To start, determine which player goes first by each player rolling the five dice. The player with the larger total gets the first turn.

The first player then rolls all 5 dice in an opaque cup to keep them hidden from the other player. Then, the first player can peek inside the cup to see what is rolled. Then, they can either tell the truth or lie about the combo they have inside the cup.


To play this two-player variation of Liar’s Dice, you’re going to need to understand Poker Dice rules and hands, which are as follows:

  • 5 of a kind: For example, 4, 4, 4, 4, 4
  • 4 of a kind: For example, 5, 5, 5, 5, 2
  • Full house: 3 of a kind + a pair. For example, 4, 4, 4, 2, 2
  • High straight: 2, 3, 4, 5, 6
  • Low straight: 1, 2, 3, 4, 5
  • 3 of a kind: For example, 4, 4, 4, 1, 6
  • 2 pair: For example, 4, 4, 2, 2, 5
  • 1 pair: For example, 4, 4, 2, 1, 6
  • Highest single die

So, if the player rolled a 4, 4, 4, 2, 5, they can either tell the truth and say they have a 3 of a kind or lie or lower OR they can say they have a low straight, high straight, or something better.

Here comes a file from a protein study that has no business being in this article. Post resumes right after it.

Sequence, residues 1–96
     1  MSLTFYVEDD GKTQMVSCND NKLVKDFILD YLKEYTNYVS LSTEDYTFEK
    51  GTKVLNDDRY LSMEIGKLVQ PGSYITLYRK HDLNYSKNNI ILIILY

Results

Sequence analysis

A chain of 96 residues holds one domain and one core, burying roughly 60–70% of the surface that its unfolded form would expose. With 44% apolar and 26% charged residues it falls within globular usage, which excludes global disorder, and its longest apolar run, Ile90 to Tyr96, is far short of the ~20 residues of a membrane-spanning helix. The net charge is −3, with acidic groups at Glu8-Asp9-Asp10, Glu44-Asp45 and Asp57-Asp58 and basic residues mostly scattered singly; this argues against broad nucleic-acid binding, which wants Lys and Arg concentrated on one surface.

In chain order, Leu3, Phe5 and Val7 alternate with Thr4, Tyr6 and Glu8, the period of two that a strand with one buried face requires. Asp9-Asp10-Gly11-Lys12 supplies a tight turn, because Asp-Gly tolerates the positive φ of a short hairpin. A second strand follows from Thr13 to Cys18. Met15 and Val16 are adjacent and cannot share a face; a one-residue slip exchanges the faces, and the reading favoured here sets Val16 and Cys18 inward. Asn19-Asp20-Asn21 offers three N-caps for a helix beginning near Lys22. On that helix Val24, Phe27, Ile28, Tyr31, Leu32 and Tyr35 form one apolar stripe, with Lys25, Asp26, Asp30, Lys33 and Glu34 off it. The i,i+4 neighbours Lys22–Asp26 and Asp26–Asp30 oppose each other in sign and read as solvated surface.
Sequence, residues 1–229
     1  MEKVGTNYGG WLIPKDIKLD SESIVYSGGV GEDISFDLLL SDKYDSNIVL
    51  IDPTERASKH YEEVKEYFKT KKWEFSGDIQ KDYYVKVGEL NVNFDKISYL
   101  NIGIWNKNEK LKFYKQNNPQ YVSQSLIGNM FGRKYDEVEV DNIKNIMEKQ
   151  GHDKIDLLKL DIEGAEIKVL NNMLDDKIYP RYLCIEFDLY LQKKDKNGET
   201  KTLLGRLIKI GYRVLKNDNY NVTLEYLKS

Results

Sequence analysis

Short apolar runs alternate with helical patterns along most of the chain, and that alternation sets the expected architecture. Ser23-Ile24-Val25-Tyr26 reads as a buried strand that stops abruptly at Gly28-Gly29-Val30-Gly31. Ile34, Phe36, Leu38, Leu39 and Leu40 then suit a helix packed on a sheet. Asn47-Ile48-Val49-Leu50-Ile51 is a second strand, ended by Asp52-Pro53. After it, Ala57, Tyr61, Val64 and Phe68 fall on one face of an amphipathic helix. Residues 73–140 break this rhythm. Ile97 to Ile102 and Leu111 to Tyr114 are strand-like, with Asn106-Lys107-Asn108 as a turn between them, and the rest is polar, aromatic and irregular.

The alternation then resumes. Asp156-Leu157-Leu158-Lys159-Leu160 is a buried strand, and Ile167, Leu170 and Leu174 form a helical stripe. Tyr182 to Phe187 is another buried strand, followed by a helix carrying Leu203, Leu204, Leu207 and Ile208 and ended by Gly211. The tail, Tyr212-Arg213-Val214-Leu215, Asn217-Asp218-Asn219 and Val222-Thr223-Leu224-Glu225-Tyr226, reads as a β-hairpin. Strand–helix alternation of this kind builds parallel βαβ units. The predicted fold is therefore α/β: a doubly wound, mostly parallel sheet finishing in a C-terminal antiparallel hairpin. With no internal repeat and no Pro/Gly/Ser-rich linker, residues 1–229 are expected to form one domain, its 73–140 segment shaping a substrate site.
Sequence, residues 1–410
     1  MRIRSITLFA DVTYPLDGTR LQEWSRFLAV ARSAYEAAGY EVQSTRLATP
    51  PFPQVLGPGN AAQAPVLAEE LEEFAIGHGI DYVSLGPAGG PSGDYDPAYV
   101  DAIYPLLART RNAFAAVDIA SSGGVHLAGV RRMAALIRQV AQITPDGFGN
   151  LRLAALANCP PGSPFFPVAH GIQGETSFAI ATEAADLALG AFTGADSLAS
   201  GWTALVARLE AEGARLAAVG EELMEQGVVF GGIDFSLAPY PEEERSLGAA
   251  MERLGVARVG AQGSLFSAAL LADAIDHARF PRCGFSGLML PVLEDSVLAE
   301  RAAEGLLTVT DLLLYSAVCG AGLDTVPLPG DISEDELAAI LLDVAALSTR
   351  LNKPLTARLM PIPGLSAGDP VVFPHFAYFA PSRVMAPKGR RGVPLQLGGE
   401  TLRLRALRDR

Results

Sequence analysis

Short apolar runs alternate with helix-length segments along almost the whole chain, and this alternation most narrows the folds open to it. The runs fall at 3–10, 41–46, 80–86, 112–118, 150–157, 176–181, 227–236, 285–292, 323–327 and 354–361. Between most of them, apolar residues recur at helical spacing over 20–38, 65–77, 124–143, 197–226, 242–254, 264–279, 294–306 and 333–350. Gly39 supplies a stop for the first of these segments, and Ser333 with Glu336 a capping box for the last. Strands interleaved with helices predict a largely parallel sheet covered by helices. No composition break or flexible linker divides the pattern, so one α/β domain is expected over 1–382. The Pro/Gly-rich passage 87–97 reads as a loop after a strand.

If the second player does not believe the first player, they can challenge the roll. When this happens, the first player must reveal the dice. If the challenger was right and the actual hand ranking is lower than what was said, the first player must put a chip into the pot and take a drink.

However, if the challenger was wrong and the hand is equal to or lower than what was said, the challenger must put a chip into the pot and take a drink.


If the second player believes the first player, the first player must pass the dice to the second player. The second player now gets a chance to peek at the dice. At this point, if the first player bluffed, the second player will immediately know if they bluffed or not.